E-Flora BC: Electronic Atlas of the Flora of British Columbia

Leucolepis acanthoneuron (Schwaegr.) Lindb.
palm tree moss (leucolepis umbrella moss)

Species Account Author: Wilf Schofield
Extracted from Some Common Mosses of British Columbia

Introduction to the Bryophytes of BC

© Celeste Paley  Email the photographer   (Photo ID #30219)

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Distribution of Leucolepis acanthoneuron
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Species Information

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Illustration Source: Some Common Mosses of BC

Species description:
Genus named for the white, scale-like leaves on the main stem. Species name meaning spiny nerve, probably in reference to the teeth on the back of the midrib.
Sporophytes frequent, maturing in spring, with red­ brown sporangia and seta when ripe.
Sometimes called Mnium menziesii or L. menziesii, both of which are synonyms. Sometimes called "palm tree moss".
Distinguishing characteristics:
The leafy plants that resemble small trees, the white, narrowly triangular leaves on the main stem and the nodding sporangia are useful features. In male plants, the rosette of leaves surrounding the sex organs is distinctive in a dwarf tree-like plant; no other moss in British Columbia resembles it.
Forming loose to tall turfs of miniature, tree-like, dark green plants, superficially resembling tiny palm trees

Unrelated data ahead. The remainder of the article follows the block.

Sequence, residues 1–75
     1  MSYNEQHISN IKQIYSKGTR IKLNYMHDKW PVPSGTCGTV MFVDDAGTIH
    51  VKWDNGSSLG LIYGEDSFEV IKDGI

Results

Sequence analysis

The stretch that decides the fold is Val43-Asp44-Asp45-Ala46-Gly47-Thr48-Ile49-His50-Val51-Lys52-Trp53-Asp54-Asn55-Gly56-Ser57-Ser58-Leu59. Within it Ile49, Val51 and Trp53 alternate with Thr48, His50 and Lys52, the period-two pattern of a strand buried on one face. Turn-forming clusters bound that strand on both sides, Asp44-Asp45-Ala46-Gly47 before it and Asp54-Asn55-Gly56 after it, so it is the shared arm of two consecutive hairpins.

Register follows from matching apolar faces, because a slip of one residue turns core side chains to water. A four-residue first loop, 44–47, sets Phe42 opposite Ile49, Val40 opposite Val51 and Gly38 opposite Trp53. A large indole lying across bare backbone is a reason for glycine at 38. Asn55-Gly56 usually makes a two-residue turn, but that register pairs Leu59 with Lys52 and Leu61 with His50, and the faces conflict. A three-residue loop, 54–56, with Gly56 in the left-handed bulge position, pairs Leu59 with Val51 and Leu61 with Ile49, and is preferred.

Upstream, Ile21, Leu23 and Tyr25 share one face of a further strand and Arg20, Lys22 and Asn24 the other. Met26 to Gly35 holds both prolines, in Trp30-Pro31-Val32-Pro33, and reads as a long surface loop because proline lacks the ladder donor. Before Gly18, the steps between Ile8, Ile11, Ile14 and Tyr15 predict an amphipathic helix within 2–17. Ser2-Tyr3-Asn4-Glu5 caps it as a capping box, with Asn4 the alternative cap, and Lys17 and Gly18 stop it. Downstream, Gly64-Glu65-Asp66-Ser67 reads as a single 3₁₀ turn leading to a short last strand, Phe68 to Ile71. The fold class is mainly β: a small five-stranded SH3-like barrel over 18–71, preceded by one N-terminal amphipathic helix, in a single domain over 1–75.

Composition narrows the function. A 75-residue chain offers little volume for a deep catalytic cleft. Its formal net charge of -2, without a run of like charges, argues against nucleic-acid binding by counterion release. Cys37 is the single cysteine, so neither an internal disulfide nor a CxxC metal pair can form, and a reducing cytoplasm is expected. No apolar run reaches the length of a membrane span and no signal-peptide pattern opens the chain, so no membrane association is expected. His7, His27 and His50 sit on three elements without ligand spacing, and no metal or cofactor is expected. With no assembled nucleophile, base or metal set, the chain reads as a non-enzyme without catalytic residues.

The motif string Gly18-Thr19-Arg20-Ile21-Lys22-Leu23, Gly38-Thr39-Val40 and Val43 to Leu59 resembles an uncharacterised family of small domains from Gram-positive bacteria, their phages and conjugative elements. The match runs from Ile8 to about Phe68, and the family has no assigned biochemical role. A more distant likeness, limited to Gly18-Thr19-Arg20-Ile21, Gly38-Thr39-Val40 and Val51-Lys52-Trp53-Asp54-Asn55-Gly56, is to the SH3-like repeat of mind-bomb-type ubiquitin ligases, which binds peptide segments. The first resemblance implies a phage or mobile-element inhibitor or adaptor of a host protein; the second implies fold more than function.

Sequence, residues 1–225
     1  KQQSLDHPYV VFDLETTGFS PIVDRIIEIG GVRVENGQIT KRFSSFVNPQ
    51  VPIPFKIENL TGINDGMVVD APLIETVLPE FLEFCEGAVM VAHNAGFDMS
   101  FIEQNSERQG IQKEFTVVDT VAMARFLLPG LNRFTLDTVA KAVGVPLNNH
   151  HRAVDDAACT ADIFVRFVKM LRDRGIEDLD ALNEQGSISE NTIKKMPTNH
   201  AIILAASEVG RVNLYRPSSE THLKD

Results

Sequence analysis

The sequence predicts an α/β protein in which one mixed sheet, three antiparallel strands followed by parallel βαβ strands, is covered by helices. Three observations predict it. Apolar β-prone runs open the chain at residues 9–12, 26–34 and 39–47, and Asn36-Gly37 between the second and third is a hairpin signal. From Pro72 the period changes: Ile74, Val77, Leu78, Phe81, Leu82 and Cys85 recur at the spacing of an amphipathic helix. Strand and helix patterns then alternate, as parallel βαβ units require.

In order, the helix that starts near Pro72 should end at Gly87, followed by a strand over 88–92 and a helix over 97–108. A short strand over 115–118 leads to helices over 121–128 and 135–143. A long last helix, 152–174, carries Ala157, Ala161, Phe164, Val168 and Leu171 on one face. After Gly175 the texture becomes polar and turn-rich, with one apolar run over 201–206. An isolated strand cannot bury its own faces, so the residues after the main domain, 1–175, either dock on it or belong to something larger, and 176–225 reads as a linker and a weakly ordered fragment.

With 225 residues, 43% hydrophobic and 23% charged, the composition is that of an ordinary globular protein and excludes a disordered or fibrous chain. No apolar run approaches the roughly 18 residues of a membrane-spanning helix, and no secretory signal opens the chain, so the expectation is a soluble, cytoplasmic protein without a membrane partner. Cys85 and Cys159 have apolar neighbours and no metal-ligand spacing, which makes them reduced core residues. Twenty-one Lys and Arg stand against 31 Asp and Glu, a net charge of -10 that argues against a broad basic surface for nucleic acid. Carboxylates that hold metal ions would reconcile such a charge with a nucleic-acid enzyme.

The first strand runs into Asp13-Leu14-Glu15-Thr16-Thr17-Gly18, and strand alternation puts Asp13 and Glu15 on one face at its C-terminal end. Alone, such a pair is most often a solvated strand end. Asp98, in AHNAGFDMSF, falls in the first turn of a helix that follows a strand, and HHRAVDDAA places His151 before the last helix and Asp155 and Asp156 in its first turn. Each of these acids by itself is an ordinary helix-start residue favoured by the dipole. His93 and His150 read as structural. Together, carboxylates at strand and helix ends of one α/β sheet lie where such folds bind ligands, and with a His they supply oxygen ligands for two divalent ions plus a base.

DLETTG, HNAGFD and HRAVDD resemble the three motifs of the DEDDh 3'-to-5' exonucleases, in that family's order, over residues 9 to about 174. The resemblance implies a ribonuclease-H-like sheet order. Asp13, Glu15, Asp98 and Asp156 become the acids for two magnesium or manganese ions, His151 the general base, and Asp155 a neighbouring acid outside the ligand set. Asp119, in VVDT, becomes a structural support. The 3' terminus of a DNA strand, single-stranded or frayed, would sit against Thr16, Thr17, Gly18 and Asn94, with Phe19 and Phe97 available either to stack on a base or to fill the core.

Similar Species:
Possibly Climacium dendroides might be considered similar, but the broad heart-shaped stem-leaves, the more shiny ap­pressed leaves and the usual presence of a subterranean creeping stem separate Climacium from L. acanthoneuron. Pleuroziopsis ruthenica has plants in which the apical mass of branches forms a horizontally flat­tened, intricately branched system. Thamnobryum neckeroides also pos­sesses somewhat flattened branched systems but the leafy branches are decidedly swollen compared to Leucolepis. Hypopterygium fauriei also has somewhat flattened but tiny, tree-like shoots but the leafy shoots are also conspicuously flattened with the leaf on the underside of the branch much smaller than the lateral ones; this moss is a calcicole.

Habitat / Range

Usually in dampish rich soil of shaded sites, especially near water courses in forests, but also an epiphyte (especially on broad-leafed maple), on rotten logs and soil over rock.
World Distribution

Confined to western North America from south­eastern Alaska to central California and eastward to Idaho.

Synonyms and Alternate Names

Leucolepis menziesii (Hook.) Steere
Mnium menziesii Hook.

Taxonomic and Nomenclatural Links

Additional Range and Status Information Links

Additional Photo Sources

General References